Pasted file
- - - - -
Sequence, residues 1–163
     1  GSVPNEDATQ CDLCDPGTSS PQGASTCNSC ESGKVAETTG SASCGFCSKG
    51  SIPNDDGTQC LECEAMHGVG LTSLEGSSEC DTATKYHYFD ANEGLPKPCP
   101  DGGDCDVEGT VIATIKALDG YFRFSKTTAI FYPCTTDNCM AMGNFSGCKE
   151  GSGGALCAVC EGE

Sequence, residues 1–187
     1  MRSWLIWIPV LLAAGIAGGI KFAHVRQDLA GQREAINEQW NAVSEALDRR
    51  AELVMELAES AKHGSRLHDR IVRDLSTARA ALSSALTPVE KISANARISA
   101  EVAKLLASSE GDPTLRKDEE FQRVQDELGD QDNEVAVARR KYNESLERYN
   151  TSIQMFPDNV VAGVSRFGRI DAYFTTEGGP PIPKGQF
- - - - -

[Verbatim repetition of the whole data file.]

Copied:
Sequence, residues 1–163
     1  GSVPNEDATQ CDLCDPGTSS PQGASTCNSC ESGKVAETTG SASCGFCSKG
    51  SIPNDDGTQC LECEAMHGVG LTSLEGSSEC DTATKYHYFD ANEGLPKPCP
   101  DGGDCDVEGT VIATIKALDG YFRFSKTTAI FYPCTTDNCM AMGNFSGCKE
   151  GSGGALCAVC EGE

Sequence, residues 1–187
     1  MRSWLIWIPV LLAAGIAGGI KFAHVRQDLA GQREAINEQW NAVSEALDRR
    51  AELVMELAES AKHGSRLHDR IVRDLSTARA ALSSALTPVE KISANARISA
   101  EVAKLLASSE GDPTLRKDEE FQRVQDELGD QDNEVAVARR KYNESLERYN
   151  TSIQMFPDNV VAGVSRFGRI DAYFTTEGGP PIPKGQF